• Third, they would agree on the criteria and parameters that would guide the burden sharing process among the members of the coordination framework.
• Finally, they would agree on procedures for coordinating resolution measures across borders, including the cross-border recognition of measures taken in other countries.
I would like to provide you with a bit more detail on each of these four elements.
First, the commitment to cooperate. A basic problem with many national regimes is that the authorities often are effectively precluded from cooperating in an international resolution exercise. For example, in liquidating the local branch of a foreign bank, some countries require their authorities to ring-fence the local assets of the branch for the benefit of local creditors and, in this manner, effectively prevent participation in a broader international process. Under our approach, national legislation would be amended to remove these obstacles. Moreover, it would call for national authorities to cooperate with other countries in the framework, but only when they believed such cooperation to be consistent with the interests of creditors and supportive of financial stability. A jurisdiction will be willing to defer to another only if it is clear that local creditors will be treated equitably and will receive at least what they would have received had the entity been liquidated on a strictly national basis.
Second, core coordination standards. Meeting core coordination standards would represent a precondition for cooperation. Adherence to such standards would ensure that countries’ bank supervisory and insolvency regimes are sufficiently robust and are harmonized in key areas. In particular, countries bank insolvency regimes would need to treat domestic and foreign creditors in a nondiscriminatory manner. Moreover, resolution regimes would include minimum standards that ensure that the authorities have the necessary resolution tools to deal effectively with an insolvent financial institution at an early stage of its difficulties.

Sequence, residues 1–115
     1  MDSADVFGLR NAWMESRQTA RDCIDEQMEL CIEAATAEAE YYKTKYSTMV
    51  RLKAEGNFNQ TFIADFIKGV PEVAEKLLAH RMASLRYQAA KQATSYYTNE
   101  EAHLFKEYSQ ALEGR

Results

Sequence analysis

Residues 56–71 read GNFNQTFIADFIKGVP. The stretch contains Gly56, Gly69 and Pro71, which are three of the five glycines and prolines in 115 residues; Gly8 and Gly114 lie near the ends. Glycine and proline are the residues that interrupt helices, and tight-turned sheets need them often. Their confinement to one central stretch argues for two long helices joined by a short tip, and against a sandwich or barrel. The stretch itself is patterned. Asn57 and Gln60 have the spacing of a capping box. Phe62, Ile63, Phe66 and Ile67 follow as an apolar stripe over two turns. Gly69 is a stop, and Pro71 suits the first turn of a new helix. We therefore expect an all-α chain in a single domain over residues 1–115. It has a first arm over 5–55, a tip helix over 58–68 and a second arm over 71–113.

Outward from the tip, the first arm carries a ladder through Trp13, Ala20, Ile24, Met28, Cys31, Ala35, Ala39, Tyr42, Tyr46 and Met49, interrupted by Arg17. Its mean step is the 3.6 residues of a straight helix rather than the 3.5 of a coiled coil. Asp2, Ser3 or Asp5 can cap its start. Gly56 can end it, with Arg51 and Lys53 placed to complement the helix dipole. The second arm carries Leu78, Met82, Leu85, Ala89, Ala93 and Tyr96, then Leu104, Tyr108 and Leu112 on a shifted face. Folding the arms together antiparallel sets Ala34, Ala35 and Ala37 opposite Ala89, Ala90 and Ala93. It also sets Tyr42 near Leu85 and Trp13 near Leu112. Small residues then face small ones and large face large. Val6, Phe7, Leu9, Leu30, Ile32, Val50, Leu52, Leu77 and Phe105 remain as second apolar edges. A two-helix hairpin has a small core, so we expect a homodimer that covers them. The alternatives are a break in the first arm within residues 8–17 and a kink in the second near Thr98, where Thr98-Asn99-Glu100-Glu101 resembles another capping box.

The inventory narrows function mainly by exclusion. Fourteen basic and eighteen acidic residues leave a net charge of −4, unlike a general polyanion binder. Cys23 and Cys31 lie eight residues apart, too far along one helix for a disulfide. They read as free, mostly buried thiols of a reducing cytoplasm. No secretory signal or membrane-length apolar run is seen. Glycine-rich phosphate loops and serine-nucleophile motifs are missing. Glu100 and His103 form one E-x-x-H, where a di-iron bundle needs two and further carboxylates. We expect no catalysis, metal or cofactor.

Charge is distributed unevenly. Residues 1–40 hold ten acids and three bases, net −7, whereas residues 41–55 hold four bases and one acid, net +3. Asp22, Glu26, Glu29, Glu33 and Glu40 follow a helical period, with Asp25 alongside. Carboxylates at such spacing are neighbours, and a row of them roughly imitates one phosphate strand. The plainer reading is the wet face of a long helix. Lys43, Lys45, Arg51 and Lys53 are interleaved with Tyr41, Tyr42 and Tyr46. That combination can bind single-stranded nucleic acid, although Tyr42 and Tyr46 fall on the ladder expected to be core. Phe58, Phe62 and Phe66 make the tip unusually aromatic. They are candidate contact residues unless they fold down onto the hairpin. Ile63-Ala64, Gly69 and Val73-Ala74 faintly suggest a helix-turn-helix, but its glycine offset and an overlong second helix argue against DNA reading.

In particular, the rules would enable the participating authorities to:
• unilaterally restructure the various claims of an institution;
• conclude mergers and acquisitions without shareholder consent;
• transfer assets and liabilities to other institutions, including a bridge bank, without third party consent;
• provide bridging financing; and
• assume public ownership on a temporary basis.
Third, burden sharing. Let me be clear: the final cost of resolution should be borne by private stakeholders and not by public funds. In a systemic crisis, however, up-front and temporary funding by public authorities may be necessary. Prefunded resolution schemes represent one potentially attractive option for dealing with cases of cross-border failure. The IMF report on this topic, prepared at the request of the G20 Leaders for their recent Toronto Summit suggested a “Financial Stability Contribution” to be levied against a risk-adjusted base and linked to funding a credible and effective resolution mechanism. In its recent Communication, the European Commission advocated the creation of resolution funds that are segregated from general revenue and that would be funded ex ante by bank levies. Such resolution funds can enhance confidence that any direct resolution costs would be borne by private stakeholders.
If we are clear on where the burden ultimately should fall between the private and public sectors, we also need to be clear on burden sharing across countries. We envisage that countries could agree on principles to guide burden sharing that would be applied on an institution-by-institution basis. These principles could reflect features such as the relative systemic importance of the group across jurisdictions, the relative contribution from deposit guarantee schemes or resolution funds and the relative distribution of losses across jurisdictions.